Keeping pace with the changing health and human service market is a bit like an iceberg. That was my conclusion from The 2018 OPEN MINDS Technology & Informatics Institute session, Preparing For The Future In An Uncertain Market, led by Matthew Dorman, Chief Executive Officer, Credible Behavioral Health Software and Joseph Naughton-Travers, Senior Associate, OPEN MINDS. The session outlined the big drivers of change in the field and the need for organizations (of all types) to change—by assessing the market, setting goals, obsessing on key performance drivers, measuring progress, and using metrics to adjust the strategic course of the organization. Like an iceberg, that visible change is only about 10% of the organizational change that is underway.
Ninety percent of the health and human services “change iceberg” is below the surface, so to speak. Organizations need to re-position for integration, value-based reimbursement, consumer sovereignty, and community-based service delivery. To be successful with that re-positioning, executives need new tools, including a new range of data management tools. Many executives teams are leveraging their investment in electronic health records (EHR) to meet some of these new data tool requirements, and to stay ahead of the competition – including enhanced consumer portals, expanding their specialty EHRs to manage medical homes and primary care, and adding business intelligence capabilities and mobile record-keeping capabilities.
For the most part, executives of specialty provider organizations are enlarging their adoption of these expanded EHR functionalities. Eighty-five percent of specialty provider organizations had implemented an EHR, according to the findings of the soon-to-be-released The Future Of EHR Systems: More Than Just Billing & Scheduling. But only 68% of organizations that have purchased EHRs have fully implemented the four core functionalities of an EHR system – clinical, scheduling, billing, and reporting. Fewer had implemented the advanced functionalities needed to respond to the looming change in the financing and service delivery landscape – from 21% of specialty organizations adding primary care management capabilities, to 49% using cloud-based storage.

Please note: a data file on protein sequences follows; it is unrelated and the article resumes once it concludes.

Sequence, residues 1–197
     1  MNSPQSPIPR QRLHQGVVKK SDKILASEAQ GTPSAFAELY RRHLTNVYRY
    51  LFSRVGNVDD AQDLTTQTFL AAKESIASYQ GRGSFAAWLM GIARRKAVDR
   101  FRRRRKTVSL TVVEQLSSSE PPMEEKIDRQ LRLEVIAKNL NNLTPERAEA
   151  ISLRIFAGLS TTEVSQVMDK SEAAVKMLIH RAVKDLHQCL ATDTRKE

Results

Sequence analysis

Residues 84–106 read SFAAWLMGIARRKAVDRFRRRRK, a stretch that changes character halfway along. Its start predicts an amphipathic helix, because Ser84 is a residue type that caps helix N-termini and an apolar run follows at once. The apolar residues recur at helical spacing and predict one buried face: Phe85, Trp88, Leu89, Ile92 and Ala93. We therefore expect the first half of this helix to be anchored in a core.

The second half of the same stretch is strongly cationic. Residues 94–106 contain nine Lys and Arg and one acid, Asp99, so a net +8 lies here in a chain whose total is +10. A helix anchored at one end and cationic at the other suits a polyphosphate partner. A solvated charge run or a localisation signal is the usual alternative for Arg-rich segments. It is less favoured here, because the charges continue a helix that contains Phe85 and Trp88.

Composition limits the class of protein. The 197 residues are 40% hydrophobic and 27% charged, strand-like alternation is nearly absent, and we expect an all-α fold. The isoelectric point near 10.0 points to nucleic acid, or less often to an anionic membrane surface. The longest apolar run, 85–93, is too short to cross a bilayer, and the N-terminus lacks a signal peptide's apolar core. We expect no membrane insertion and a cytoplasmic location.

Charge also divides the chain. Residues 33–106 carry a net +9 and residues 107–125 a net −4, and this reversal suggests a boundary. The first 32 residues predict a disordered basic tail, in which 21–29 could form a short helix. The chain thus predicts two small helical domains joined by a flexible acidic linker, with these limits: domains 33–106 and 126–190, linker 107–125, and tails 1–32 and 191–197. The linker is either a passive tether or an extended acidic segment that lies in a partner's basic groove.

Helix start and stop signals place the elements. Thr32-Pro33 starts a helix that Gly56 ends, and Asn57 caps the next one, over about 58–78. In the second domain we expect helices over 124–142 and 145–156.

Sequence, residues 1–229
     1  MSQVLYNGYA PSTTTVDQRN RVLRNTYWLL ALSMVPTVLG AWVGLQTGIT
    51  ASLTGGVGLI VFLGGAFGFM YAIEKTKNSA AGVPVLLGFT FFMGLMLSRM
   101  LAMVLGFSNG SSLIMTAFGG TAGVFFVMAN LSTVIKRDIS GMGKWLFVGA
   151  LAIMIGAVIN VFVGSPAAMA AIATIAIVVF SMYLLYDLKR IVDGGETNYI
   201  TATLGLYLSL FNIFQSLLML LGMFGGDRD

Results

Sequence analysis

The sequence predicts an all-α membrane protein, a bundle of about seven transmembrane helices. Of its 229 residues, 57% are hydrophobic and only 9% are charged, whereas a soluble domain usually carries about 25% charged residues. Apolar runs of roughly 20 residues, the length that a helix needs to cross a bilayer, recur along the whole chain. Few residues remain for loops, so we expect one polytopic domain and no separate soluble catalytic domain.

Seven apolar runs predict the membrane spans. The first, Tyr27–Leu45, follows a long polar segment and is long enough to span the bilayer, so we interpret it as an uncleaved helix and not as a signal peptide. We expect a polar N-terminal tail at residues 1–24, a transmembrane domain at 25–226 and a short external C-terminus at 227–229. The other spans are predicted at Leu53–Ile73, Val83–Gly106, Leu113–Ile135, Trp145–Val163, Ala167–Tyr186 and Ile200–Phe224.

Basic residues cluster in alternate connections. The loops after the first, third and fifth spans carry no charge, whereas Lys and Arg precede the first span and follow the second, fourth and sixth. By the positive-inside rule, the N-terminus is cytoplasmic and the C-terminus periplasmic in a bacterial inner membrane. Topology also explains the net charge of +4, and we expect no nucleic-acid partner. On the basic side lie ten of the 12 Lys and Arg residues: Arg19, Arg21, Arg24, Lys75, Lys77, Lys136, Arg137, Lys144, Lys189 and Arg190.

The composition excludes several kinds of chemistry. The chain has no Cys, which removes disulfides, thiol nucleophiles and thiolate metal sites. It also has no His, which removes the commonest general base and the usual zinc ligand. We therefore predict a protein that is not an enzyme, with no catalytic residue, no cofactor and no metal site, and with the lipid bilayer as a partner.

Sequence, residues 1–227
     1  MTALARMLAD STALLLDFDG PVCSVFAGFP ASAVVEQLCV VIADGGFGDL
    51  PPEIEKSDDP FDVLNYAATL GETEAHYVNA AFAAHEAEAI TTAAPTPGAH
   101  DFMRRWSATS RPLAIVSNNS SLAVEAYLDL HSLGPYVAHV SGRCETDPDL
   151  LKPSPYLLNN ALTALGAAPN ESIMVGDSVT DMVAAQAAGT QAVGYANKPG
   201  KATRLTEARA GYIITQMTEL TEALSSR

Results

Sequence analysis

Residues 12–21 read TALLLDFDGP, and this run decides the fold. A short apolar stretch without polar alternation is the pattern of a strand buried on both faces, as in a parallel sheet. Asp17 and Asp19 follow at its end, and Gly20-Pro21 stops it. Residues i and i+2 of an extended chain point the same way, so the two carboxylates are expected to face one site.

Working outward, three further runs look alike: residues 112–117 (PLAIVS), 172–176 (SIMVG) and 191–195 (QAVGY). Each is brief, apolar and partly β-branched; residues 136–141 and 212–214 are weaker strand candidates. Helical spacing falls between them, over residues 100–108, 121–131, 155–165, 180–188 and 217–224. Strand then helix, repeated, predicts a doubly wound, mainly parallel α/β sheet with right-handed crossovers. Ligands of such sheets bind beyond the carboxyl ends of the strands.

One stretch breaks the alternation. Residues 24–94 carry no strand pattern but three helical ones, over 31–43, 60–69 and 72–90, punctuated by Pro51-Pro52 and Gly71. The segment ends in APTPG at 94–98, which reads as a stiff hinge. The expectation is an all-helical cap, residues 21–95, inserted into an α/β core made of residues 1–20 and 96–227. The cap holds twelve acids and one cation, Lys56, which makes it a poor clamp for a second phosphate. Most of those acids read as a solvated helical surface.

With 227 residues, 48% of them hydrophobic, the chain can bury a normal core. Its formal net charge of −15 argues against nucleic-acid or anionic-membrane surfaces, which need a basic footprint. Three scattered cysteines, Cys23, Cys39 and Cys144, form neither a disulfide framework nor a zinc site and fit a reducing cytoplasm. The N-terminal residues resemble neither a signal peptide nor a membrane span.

I thought about these issues and these statistics. I thought about how far the field (and the competition) has come in a decade. Ten years ago, simply having an EHR was enough to help your organization outshine the competition. Now, you need that EHR to have new functionality, to maintain the competitive advantage. For more on adapting your organization’s strategic use of data and new tech tools, mark you calendar for October 22, 2018, where OPEN MINDS Senior Associate, Joseph P. Naughton-Travers, Ed.M. will present the executive seminar, Building A Technology Infrastructure For Value-Based Care: A Guide To Incorporating Technology Into Your Organization’s Strategy.